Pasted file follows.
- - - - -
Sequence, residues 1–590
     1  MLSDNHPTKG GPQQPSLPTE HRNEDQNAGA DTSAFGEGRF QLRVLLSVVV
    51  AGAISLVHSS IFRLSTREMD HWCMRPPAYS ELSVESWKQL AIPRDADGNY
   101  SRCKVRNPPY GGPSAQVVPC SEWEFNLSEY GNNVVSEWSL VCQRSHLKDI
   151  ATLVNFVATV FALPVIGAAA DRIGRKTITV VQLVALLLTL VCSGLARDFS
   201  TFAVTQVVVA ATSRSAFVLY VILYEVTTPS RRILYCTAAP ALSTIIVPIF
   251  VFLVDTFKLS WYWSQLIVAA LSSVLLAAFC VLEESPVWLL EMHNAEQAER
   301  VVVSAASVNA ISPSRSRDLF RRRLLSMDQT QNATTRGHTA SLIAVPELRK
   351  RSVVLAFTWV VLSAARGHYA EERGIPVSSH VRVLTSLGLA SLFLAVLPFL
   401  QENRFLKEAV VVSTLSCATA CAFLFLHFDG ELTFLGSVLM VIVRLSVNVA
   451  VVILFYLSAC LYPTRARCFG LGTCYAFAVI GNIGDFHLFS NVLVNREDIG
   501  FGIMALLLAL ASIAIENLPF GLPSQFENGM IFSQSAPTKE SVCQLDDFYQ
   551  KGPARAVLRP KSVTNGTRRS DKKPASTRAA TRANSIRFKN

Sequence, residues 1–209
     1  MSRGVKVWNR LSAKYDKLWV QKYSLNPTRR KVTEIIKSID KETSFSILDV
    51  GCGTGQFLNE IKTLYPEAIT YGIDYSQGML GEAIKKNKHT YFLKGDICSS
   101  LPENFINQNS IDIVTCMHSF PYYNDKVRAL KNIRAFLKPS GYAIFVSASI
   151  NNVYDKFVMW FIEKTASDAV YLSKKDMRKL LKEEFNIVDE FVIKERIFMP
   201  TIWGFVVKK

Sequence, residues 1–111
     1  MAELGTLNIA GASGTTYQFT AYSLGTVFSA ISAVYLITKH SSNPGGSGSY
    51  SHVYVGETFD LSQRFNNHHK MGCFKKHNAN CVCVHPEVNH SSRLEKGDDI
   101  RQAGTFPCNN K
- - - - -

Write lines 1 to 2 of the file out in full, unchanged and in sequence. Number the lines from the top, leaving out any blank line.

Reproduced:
Sequence, residues 1–590
     1  MLSDNHPTKG GPQQPSLPTE HRNEDQNAGA DTSAFGEGRF QLRVLLSVVV